Photographic Sculptures: 3D Tech Brings to Life 25-Foot-Tall Triple Naomi Campbell & Kate Moss the Fallen Angel
Most artists have one thing in common: the need to be different, and to offer up incredible uniqueness to the world in a wide range of forms for all to enjoy, whether we are those who appreciate art, make art, teach art, or buy and sell it as an investment. When it comes to creating provocative new pieces that fill us with awe, curiosity, and inspiration, artists today often enjoy reaching into their contemporary new toolboxes where they find the means to explore new dimensions and fill the senses of their audience.
With the advent of digital design, 3D scanning, and 3D printing, today’s artists and photographers are quite busy experimenting and coming up with new designs. Photographer Nick Knight is a great example, as he translates what his camera sees into 3D print. And with subjects like Kate Moss and Naomi Campbell on the other end of the cameras and 3D scanners, the results are bound to display inspired excellence–and get a lot of attention!
Referring to his new medium, Knight explains:
“The reason I call it photographic sculpture is that when I scan my model, I use exactly the same approach I do as when I photograph someone. The same directing, the same searching for shape and form, the same desire to portray their emotion, but I don’t end up with a two dimensional photograph, but an object.”
“It is retouched in just the same way one would a photographic image, in Photoshop,” states Knight.
He points out that the magic in his photographic sculpture is that he is using his same experience and skills in photography as always, yet bringing a physical object to fruition through 3D scanning and 3D printing. Enjoying the power of meshing this technology with art, Knight likes to make sculptures of strong women, to include other models and subjects like Liberty Ross, Daphne Guinness, and Lady Gaga. He sees them as “important women, strong women and women who shape our visual culture.”
‘Statuesque,’ depicts Naomi Campbell, who is undeniably a strong woman who has had her share of time in the news. While thankfully no phones are being thrown, she is certainly not portrayed as any shrinking violet here either, 3D printed in naked triplicate—and a stunning 25 feet tall.
Knight also allowed the massive sculpture to become somewhat of a public conversation, although he did have some initial reservations about what people might say. He displayed an online version on his website and invited people viewing from around the world to draw or write on the sculpture—offering graffiti, in essence—which was then actually projected into the real gallery which was darkened, at Somerset House in London for the SHOWstudio: Fashion Revolution exhibition.
“The sculpture was on display for 4 months and despite my great fear to begin with that it would be daubed with vile racist graffiti, not one racist comment was written.”
“This alone lifted my heart and spirits,” said Knight. “There were a fair few penises, but conversely a lot of people wrote long well thought through statements and a lot of people just used her as a canvas to color in and create beauty. A bit like a 3 dimensional coloring book.”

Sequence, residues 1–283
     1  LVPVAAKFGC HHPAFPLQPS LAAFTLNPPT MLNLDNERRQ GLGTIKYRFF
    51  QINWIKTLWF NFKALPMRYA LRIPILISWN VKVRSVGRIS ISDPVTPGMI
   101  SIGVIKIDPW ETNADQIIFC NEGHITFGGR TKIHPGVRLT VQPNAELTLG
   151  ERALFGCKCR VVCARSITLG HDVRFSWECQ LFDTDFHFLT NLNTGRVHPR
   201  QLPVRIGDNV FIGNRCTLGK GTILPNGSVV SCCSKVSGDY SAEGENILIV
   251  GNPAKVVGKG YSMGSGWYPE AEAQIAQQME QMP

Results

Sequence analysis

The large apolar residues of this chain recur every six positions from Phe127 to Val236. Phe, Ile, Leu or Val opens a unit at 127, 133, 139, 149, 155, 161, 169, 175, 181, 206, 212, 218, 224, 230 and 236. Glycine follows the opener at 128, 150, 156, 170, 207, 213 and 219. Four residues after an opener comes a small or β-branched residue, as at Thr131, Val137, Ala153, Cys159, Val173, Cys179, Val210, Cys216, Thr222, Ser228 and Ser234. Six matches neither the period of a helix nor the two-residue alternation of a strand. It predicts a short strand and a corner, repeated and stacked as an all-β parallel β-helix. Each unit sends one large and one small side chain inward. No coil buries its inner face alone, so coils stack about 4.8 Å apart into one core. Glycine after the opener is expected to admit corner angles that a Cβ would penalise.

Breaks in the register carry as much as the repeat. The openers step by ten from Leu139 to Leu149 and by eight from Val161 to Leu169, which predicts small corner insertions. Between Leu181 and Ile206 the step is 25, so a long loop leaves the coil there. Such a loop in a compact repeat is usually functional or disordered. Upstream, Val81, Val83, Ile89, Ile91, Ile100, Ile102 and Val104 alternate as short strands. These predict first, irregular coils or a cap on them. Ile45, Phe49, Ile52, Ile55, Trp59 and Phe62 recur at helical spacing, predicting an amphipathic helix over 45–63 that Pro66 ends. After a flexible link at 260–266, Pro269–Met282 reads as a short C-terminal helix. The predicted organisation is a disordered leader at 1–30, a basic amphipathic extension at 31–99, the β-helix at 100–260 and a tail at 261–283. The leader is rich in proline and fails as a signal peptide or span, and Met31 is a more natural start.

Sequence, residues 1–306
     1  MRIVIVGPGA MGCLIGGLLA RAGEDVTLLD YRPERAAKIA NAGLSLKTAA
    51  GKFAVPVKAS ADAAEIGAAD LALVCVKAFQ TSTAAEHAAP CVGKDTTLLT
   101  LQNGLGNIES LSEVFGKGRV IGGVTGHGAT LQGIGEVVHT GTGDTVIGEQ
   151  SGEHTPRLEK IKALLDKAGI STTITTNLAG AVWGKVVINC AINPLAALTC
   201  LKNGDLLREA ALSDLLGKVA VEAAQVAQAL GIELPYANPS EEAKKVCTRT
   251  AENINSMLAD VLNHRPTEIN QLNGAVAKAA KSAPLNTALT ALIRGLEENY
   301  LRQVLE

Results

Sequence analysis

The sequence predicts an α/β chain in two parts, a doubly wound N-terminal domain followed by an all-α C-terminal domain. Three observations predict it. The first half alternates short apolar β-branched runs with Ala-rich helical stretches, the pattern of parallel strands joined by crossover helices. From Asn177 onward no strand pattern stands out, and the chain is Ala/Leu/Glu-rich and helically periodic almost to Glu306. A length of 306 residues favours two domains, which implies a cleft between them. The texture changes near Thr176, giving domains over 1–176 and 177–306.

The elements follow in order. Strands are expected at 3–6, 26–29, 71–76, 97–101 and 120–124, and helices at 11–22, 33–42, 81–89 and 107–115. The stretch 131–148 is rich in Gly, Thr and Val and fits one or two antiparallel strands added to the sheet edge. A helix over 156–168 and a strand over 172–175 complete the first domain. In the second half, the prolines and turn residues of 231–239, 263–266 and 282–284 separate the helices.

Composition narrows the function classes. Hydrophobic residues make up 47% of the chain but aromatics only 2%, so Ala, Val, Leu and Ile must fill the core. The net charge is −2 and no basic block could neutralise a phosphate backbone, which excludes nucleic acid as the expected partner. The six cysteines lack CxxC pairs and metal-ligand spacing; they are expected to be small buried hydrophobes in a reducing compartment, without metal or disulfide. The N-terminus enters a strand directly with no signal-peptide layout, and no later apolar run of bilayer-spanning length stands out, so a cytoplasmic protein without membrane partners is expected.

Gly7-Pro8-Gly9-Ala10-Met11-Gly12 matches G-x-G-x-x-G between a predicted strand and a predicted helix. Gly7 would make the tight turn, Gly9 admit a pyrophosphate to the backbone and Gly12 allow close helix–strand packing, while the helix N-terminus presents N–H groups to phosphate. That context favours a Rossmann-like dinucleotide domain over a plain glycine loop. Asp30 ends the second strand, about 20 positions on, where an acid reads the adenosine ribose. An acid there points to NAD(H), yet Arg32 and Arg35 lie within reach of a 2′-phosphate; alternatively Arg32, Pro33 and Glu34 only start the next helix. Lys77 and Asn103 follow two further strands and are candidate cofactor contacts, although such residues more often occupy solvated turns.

The statue was 3D printed from white polystyrene so that it could be projected on, and people in the gallery were able to write or draw on it as well, with numerous love notes, ‘art critiques,’ and slogans.
His next work depicts a topless Kate Moss in repose as a gorgeous and fallen angel. Knight comments that he doesn’t understand why Moss receives so much criticism from the public for basically being a normal human being. He 3D scanned her and then, desiring to have her ‘angelic’ posture depicted in porcelain, he worked with “the finest porcelain makers in the world, Nyphenburg in Germany.”
“I scanned Kate naked other than I cloth wrapped around her hips and with her arms stretched out in a classical religious pose,” said Knight. “I then scanned the outstretched wings of a dove and positioned them on Kate’s shoulders, immediately transforming her into an angel.”
“This was sculpture using the language of fashion photography.”
Not content to sit back and admire his amazing sculptures, Knight has been inspired by the medical trends in bioprinting and would like to carry that over into his world, sculpting in live matter. He contends that the possibilities are there–after all, if doctors and researchers can do it in labs, why can’t artists do the same from their studios?
Knight indeed sees unlimited potential with many materials and subject matter, and is astute in his recognition that his photographic sculptures are just one fantastic example of the gigantic wave of new art forms about to land in galleries around the world.
“Our future art will be rich and and as inspiring as anything else we have ever created. I say that with certainty as I have a deep trust in the inventiveness of the human mind. Photographic sculpture is the beginning of a totally new age in art when all the traditional boundaries between the arts crumble and vanish,” says Knight. “And that thrills me!”
Tell us your thoughts on Knight’s exhibits in the 3D Printed Supermodels forum over at 3DPB.com.
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